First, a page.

- Risk of such skewed to the latter part of that period. Between now and mid-2013 China’s leaders will be firmly focused on ensuring a smooth economic trajectory around the political inflexion point of the handover of power to the fifth generation leadership;
- They have plenty of fire power to ensure that that is so, even taking into account the possibility of a fairly sharp exogenous shock – although, clearly, a major exogenous shock (eg break-up of the eurozone, a military strike on Iran and consequent sustained oil price spike) could make keeping the economy on an even keel very difficult to impossible;
- Beyond mid-2013 China’s leaders will need to address significant structural and systemic challenges which will not be straightforward. However, since 1992 (ie Deng Xiaoping’s nanxun) they have shown an impressive ability to steer the economy through very choppy waters.
Photo: Fitch Ratings
Andrew Colquhoun, Head of Asia-Pacific Sovereigns, Fitch Ratings
China has the policy flexibility to engineer a soft landing
Fitch expects China’s economy to grow 8.2 per cent in 2012, with downside risk from the eurozone and from the unwinding of China’s own property boom. China has policy flexibility to respond to shocks. But the real question is whether China’s economy can manage the transition to a more sustainable consumption-led growth model in the longer term.
Photo: Moody’s Analytics
Alaistair Chan, Economist, Moody’s Analytics
A soft landing, but a hard landing is an ever-present risk
A hard landing remains an ever-present risk for China’s economy but our base case remains an orderly deceleration in growth.
The main near term risk for China is the property market. Anecdotes abound of falling prices in the primary market and falling transactions in the secondary one. In our view, this is wholly expected: the government is still clearly willing to bear the consequences of tight restrictions and a slowdown in the market to deflate the housing bubble.
Beijing has plenty of options if it decided to offset a housing bust. Its fiscal position is strong. Along with reversing the property market restrictions, it has the capacity to offset any fiscal problems arising from local governments. Banks would almost certainly need to be bailed out, but the government has had prior experience. Chinese wages are lower than Japan’s in the early 1990s, and there is a structural trend of higher inflation, which gives monetary policy greater room to move and reduces the risk of a liquidity trap.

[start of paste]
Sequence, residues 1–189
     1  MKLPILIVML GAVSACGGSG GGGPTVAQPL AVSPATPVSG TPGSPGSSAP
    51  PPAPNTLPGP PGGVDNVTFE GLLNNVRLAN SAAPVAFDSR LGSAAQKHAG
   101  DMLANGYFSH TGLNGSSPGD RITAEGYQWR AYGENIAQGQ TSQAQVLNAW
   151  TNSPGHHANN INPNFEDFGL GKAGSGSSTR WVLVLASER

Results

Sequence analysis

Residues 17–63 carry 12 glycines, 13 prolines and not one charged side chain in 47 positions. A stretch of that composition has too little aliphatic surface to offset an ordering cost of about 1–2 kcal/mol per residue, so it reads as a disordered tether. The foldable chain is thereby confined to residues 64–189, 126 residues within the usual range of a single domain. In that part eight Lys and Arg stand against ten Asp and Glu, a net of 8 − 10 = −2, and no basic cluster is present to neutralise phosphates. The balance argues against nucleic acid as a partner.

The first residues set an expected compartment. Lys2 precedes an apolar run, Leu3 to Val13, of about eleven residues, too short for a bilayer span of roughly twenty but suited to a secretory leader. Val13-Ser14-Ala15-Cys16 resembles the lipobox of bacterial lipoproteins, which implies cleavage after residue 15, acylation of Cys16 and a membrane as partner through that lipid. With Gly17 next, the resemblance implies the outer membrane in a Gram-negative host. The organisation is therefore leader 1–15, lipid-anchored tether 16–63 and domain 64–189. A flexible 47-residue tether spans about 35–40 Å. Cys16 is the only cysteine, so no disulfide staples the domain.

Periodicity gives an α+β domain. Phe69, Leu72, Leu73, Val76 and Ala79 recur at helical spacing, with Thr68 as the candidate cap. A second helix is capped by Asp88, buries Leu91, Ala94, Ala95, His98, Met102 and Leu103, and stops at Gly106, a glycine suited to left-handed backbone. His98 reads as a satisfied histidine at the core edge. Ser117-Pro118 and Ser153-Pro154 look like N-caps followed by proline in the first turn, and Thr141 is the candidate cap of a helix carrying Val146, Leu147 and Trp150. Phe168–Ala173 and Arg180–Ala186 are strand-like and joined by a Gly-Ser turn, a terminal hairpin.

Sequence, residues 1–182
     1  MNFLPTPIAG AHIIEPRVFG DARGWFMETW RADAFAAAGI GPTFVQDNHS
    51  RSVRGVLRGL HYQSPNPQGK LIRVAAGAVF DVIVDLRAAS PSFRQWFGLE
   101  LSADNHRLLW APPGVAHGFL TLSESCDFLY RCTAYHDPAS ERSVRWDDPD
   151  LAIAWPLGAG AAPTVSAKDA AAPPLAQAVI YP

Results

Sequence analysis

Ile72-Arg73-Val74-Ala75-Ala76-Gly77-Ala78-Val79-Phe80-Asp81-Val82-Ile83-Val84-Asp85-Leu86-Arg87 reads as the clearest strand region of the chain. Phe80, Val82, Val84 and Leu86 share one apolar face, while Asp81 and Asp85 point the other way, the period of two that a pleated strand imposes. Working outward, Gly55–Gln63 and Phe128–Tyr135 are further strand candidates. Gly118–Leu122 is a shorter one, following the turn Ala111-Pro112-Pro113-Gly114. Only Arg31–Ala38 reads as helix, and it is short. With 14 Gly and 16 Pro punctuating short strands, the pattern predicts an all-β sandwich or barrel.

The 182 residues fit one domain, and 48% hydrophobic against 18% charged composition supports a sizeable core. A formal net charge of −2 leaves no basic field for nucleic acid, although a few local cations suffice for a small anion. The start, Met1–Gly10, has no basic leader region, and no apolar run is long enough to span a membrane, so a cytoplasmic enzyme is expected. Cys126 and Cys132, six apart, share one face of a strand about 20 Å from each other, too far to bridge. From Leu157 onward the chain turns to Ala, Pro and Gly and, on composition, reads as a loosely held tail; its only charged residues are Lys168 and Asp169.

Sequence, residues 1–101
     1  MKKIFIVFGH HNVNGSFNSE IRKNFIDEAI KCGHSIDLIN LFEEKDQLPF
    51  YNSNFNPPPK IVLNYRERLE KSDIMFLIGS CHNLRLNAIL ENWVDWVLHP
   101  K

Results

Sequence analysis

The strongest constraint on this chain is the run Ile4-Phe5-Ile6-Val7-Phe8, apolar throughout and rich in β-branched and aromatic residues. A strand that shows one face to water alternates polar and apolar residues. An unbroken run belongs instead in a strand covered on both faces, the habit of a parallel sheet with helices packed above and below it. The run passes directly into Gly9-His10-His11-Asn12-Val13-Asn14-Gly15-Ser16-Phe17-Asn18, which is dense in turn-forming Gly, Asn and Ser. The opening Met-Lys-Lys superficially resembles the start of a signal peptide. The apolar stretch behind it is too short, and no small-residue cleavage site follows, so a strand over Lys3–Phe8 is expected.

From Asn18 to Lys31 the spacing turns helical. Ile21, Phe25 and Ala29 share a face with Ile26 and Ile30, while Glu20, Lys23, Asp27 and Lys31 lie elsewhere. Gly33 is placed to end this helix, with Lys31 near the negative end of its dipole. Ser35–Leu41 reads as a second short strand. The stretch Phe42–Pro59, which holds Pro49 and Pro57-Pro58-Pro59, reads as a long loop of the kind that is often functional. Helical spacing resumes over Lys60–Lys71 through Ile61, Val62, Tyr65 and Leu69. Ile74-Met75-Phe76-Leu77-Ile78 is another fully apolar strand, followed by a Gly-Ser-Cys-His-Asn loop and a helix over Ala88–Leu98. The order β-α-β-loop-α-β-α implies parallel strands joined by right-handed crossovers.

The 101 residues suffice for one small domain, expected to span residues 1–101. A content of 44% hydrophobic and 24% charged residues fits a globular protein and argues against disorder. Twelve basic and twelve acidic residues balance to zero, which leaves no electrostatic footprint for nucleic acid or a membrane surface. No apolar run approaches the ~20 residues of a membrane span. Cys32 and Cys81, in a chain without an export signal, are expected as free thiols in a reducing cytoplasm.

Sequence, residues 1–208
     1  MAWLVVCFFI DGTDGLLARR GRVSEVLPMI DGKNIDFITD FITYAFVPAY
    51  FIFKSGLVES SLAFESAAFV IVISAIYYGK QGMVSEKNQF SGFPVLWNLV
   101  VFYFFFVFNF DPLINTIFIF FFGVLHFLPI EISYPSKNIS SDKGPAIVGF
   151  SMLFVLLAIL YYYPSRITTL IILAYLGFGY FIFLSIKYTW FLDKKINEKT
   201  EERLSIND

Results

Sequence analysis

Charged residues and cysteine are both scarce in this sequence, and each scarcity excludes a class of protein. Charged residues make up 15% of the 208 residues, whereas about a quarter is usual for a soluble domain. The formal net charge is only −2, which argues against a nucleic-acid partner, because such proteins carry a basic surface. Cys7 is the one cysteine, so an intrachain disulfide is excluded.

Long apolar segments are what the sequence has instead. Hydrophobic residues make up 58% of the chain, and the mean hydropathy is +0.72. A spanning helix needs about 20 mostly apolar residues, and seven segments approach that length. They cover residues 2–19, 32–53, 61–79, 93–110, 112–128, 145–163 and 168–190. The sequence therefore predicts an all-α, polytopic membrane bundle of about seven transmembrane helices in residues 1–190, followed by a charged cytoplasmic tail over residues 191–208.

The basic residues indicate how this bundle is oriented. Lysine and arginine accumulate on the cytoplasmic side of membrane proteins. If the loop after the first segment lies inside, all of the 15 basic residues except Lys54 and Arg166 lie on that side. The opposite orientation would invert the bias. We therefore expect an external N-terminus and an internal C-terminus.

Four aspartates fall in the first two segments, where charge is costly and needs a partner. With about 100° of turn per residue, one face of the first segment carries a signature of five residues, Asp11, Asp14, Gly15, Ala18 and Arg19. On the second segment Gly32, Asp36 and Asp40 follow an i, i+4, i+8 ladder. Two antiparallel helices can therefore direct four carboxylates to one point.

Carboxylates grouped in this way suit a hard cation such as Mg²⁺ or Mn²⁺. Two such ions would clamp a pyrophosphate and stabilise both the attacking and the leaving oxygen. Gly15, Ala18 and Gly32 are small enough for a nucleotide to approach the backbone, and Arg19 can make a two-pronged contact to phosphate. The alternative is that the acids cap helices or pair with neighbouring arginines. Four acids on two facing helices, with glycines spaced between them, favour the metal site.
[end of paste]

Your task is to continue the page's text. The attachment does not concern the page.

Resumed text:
Qu Hongbin, Economist, HSBC
Beijing has the fiscal flexibility to engineer a soft landing
With inflation quickly shifting to disinflation, growth stability tops the policy agenda with calls for more aggressive easing measures. Inflation, as measured by CPI and PPI, has fallen rapidly in recent months. But growth is also decelerating and the latest leading indicators point to a further slowdown in 2012. The European debt crisis and falling property prices will only add to downside pressure on growth. This means Beijing has to respond decisively to stabilise growth and the job market.
We expect the central bank will pursue across-the- board easing. As with the policy tightening cycle, we expect quantitative tools to be used… Second, we expect fiscal policy to be as, if not more, important than monetary policy. Total fiscal revenue surged nearly 27 % y-o-y in the first 11 months of 2011 and the central government’s net cash position has topped around RMB4trn (nearly 9% of GDP). This puts Beijing in a strong fiscal position to cushion a slowdown in growth. Watch for tax cuts for small and medium-sized enterprises (equivalent of around 1% of GDP), additional spending on public housing and ongoing infrastructure projects, and more subsidies for poor rural households.
We also expect the municipal bond trial to be rolled out nationally next year. Combined with the transfer of more funds from the central government, this should help finance public housing and mitigate the liquidity risk of local government debt. These measures, plus continued investment in existing infrastructure projects, should keep GDP growth above 8% in the coming years, although the crisis in Europe will probably slow export growth.